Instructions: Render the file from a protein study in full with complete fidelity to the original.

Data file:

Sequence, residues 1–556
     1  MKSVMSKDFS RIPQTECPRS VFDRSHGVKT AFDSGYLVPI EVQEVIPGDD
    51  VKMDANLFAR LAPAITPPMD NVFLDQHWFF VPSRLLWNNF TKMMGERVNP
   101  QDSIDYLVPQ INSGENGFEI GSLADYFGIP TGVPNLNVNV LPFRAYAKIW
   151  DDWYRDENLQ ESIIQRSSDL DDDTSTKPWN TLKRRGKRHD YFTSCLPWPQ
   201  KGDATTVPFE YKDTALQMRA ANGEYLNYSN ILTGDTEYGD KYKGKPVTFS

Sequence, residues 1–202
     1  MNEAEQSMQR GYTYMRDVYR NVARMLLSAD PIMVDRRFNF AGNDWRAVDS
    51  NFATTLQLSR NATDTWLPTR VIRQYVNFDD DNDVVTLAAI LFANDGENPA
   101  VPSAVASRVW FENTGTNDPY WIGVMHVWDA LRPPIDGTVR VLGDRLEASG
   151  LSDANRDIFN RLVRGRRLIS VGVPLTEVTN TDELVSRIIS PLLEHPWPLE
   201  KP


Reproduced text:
Sequence, residues 1–556
     1  MKSVMSKDFS RIPQTECPRS VFDRSHGVKT AFDSGYLVPI EVQEVIPGDD
    51  VKMDANLFAR LAPAITPPMD NVFLDQHWFF VPSRLLWNNF TKMMGERVNP
   101  QDSIDYLVPQ INSGENGFEI GSLADYFGIP TGVPNLNVNV LPFRAYAKIW
   151  DDWYRDENLQ ESIIQRSSDL DDDTSTKPWN TLKRRGKRHD YFTSCLPWPQ
   201  KGDATTVPFE YKDTALQMRA ANGEYLNYSN ILTGDTEYGD KYKGKPVTFS

Sequence, residues 1–202
     1  MNEAEQSMQR GYTYMRDVYR NVARMLLSAD PIMVDRRFNF AGNDWRAVDS
    51  NFATTLQLSR NATDTWLPTR VIRQYVNFDD DNDVVTLAAI LFANDGENPA
   101  VPSAVASRVW FENTGTNDPY WIGVMHVWDA LRPPIDGTVR VLGDRLEASG
   151  LSDANRDIFN RLVRGRRLIS VGVPLTEVTN TDELVSRIIS PLLEHPWPLE
   201  KP